Hormonal and reproductive risk factors for development of systemic lupus erythematosus: results of a population-based, case-control study.

Journal Article (Journal Article)

OBJECTIVE: Estrogen and prolactin may accelerate the progression of murine systemic lupus erythematosus (SLE). In humans, 85% of lupus patients are women, which also suggests the importance of hormonal factors in disease pathogenesis. The purpose of this study was to examine hormonal and reproductive risk factors for lupus among women. METHODS: This population-based, case-control study included 240 female SLE patients diagnosed between January 1, 1995 and July 31, 1999 who fulfilled the American College of Rheumatology classification criteria. Female controls (n = 321) were identified through driver's license records. Logistic regression was used to estimate odds ratios (ORs) and 95% confidence intervals (95% CIs) as measures of association, adjusting for age, state, race, and education. Analyses were limited to exposures before diagnosis. RESULTS: Breast-feeding was associated with a decreased risk of developing SLE (OR 0.6, 95% CI 0.4-0.9), with a statistically significant trend for number of babies breast-fed and total weeks of breast-feeding. There were no associations with number of pregnancies or live births. Natural menopause occurred earlier in women with subsequent development of SLE compared with controls (P < 0.001). There was little association between SLE and current use or duration of use of hormone replacement therapy or oral contraceptives, and no association with previous use of fertility drugs. CONCLUSION: We found little evidence that estrogen- or prolactin-related exposures are associated with an increased risk of lupus. The reduced risk observed among women who had breast-fed one or more babies should be examined in other studies. Early natural menopause, rather than decreasing risk of SLE because of reduced estrogen exposure, may be a marker of susceptibility to development of SLE.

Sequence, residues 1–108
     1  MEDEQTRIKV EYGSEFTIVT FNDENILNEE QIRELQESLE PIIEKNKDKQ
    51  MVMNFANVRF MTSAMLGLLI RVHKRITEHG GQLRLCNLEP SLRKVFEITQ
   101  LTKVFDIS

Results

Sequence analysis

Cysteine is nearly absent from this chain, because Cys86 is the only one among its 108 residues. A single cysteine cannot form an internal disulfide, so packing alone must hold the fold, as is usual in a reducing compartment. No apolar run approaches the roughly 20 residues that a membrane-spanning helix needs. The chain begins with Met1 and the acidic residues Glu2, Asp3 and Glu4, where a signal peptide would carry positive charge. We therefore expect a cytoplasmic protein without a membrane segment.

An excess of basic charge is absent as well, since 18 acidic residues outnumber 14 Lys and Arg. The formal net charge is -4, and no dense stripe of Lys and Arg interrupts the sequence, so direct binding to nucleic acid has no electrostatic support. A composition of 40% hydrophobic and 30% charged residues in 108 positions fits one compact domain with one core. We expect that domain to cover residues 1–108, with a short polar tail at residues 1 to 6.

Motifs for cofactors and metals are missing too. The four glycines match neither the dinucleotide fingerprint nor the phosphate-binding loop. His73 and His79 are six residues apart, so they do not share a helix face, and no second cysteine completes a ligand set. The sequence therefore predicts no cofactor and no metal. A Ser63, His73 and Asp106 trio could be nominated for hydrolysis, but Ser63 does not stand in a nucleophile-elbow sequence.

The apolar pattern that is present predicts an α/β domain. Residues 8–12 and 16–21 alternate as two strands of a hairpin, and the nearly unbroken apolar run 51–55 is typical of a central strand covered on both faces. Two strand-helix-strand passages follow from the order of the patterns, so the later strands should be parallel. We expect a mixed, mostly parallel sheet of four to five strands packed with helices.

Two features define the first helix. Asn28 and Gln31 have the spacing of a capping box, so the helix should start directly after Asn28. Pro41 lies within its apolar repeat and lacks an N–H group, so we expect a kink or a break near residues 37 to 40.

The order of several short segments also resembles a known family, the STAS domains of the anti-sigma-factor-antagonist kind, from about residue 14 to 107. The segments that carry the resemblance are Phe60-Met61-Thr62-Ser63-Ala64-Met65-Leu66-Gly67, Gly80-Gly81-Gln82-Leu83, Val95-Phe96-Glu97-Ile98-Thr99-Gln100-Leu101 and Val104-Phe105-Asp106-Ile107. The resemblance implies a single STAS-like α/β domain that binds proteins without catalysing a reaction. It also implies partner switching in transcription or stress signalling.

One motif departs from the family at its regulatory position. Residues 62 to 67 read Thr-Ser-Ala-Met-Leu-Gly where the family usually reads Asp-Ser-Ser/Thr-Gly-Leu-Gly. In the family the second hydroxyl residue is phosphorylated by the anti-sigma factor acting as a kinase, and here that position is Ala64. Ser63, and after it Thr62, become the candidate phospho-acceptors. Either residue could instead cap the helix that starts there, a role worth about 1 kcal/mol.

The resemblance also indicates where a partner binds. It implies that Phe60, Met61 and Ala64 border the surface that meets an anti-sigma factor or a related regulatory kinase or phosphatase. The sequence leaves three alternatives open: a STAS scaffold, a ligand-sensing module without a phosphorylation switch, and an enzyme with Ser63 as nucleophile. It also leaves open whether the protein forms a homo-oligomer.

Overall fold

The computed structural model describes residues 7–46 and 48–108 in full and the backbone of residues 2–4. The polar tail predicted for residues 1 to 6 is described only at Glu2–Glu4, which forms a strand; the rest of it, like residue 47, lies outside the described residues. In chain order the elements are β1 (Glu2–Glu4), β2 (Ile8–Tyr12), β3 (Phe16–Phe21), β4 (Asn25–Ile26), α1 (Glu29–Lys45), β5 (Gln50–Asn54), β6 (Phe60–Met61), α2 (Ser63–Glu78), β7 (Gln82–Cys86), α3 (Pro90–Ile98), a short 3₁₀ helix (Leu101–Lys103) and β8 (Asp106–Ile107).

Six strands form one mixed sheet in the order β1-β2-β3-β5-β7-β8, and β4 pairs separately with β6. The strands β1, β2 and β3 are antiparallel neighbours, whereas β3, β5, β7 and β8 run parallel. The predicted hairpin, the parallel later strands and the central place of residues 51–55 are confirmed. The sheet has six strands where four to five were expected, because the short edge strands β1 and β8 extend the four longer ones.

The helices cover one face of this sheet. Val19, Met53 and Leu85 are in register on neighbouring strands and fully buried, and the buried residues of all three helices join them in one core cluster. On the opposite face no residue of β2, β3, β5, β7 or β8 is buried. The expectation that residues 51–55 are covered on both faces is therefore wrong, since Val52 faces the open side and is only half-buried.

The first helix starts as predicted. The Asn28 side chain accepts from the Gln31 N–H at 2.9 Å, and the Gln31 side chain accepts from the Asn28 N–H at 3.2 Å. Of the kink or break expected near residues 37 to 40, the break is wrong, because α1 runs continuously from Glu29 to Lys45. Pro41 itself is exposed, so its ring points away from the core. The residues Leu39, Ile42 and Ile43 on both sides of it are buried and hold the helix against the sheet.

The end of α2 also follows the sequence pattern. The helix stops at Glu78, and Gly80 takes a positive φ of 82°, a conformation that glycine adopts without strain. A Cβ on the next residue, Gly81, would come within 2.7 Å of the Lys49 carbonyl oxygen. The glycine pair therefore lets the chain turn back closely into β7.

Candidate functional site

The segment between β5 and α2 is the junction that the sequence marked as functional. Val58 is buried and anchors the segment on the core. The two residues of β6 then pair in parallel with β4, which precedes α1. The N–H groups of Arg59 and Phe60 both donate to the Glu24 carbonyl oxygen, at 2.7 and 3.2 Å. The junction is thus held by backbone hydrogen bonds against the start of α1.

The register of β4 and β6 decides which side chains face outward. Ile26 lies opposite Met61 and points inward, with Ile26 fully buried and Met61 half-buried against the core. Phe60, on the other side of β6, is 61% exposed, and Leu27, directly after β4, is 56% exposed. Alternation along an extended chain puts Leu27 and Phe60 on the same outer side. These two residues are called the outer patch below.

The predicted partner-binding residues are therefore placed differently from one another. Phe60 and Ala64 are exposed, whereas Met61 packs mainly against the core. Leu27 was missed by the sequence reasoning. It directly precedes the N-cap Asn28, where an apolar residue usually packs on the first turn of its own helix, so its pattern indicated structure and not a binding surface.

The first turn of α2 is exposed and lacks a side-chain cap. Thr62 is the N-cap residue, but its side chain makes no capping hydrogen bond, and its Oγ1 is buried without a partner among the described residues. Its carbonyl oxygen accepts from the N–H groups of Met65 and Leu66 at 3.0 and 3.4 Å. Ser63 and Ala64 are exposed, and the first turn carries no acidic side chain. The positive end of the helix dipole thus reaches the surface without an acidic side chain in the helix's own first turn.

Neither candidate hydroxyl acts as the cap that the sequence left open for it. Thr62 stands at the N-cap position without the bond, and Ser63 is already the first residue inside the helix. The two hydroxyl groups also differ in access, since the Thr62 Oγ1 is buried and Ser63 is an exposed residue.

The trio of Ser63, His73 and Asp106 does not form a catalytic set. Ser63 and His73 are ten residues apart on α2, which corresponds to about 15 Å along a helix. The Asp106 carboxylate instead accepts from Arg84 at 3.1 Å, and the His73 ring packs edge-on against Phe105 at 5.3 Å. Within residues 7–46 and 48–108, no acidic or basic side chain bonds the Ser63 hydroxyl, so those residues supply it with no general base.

Full Text

Duke Authors

Cited Authors

  • Cooper, GS; Dooley, MA; Treadwell, EL; St Clair, EW; Gilkeson, GS

Published Date

  • July 2002

Published In

Volume / Issue

  • 46 / 7

Start / End Page

  • 1830 - 1839

PubMed ID

  • 12124867

International Standard Serial Number (ISSN)

  • 0004-3591

Digital Object Identifier (DOI)

  • 10.1002/art.10365


  • eng

Conference Location

  • United States